The U.S. premiere of internationally acclaimed Swedish playwright Sofia Fredén’s They Died Where They Lied (Dom stod och dog, 2001) opened Thursday, 31 October, 2013 in Chicago and runs until 1 December, 2013 at the award-winning Den Theatre (1331 N. Milwaukee Ave., Chicago, IL, 60622). This latest production by Nordic-focused Akvavit Theatre, co-directed by Matthew Isler and Mark Litwicki and produced by Bergen Anderson, stages a bitter, darkly comic portrait of a troubled couple’s attempt at respite on a weekend camping getaway on the edge of one of Sweden’s urban areas. As the English title translation of Chad Eric Bergman (adapted from Edward Buffalo Bromberg) suggests, however, this is a story about a couple that doesn’t get very far.

Indeed, the temporal, spatial and emotional registers of this presentation – enchanted by the possibilities of escape, visibly tethered by the contradictions of the middle-class everyday – leave the audience, at its end, with the implausible gift of “failed” narrative experience – the laying bare of the framework in which so many emotional investments and wish images might find their fulfillment, but are inexplicably, irretrievably lost along the way. In a recording played after the end of the dialogue, in lieu of a properly diegetic resolution, a woman’s voice leaves the audience with the consolatory, pithy guidance that the future of Erik and Anna will only matter for those who live to see it: “the others – they won’t need to.”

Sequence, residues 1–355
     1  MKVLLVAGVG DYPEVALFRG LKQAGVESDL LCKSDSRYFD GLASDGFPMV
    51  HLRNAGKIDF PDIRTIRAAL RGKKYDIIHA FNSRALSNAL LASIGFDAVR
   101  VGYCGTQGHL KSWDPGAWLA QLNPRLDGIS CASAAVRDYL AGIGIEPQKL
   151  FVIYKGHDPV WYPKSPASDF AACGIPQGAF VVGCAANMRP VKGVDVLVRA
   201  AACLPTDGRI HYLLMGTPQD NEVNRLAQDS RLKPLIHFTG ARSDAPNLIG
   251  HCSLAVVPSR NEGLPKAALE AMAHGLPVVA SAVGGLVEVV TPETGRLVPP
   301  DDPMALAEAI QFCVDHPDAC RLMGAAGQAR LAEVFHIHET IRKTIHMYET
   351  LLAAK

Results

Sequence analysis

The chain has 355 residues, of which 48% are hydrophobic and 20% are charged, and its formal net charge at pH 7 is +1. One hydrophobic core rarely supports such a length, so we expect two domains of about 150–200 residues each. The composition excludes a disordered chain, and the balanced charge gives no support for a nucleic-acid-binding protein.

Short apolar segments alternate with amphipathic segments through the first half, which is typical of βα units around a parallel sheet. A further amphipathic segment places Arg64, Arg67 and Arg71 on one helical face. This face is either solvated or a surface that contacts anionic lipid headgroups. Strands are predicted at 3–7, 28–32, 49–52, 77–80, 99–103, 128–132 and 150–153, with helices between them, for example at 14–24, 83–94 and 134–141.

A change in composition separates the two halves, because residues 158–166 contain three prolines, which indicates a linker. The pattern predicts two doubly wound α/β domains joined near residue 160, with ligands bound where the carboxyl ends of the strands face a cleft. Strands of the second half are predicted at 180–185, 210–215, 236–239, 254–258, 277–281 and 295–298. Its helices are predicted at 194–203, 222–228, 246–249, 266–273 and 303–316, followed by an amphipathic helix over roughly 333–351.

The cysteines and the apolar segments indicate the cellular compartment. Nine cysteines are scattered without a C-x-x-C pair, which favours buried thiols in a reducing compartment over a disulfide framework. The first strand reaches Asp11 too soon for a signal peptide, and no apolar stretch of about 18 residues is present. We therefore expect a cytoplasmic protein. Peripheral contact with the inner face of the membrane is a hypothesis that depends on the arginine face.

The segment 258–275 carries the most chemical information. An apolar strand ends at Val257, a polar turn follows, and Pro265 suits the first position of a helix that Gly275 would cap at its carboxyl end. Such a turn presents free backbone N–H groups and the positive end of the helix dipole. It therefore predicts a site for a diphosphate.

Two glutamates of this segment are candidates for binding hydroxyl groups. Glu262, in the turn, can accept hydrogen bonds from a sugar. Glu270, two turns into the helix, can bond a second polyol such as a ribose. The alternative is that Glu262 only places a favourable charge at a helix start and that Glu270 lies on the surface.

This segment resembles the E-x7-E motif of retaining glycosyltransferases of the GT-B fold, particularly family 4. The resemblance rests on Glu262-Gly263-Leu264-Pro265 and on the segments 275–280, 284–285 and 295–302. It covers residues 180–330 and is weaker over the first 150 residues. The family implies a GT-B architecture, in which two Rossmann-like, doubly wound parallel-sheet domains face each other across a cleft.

The shared illusory space of this couple, struggling to engage in meaningful conversation and take advantage of the newfound time Erik has following a job loss, is forced upon the audience with the uncomfortable silence of the opening minutes of the script. And just as much as the wine must get to work before Erik and Anna can begin to talk, so too, it takes the arrival of two seasonal workers who wander onto the campsite for us to realize the arbitrary confinements of this little world. For Erik and Anna not only return, in circles, to the same questions and arguments, but barely move anywhere at all – not far from home, from the campsite, and literally, not leaving the stage. In ironic contrast to their financial situations, the Thai woman (Nuket) who has moved to Sweden for berry picking and the Polish man (Piotr) who came to collect mushrooms are the ones who seem able to come and go as they please, and do – making themselves guests on the couple’s campsite, drinking their wine, water and soup – after which Erik and Anna realize their fear of dying of thirst (Anna didn’t remember they had any water until the Thai woman asked for some). If Erik and Anna seem uncertain and unduly restrained, the seasonal workers present a fierce, goal-driven independence marked by a clear sense of belonging and returning to other, distant friends and places, even as much as this mobility is still directed by the transient nature of their work.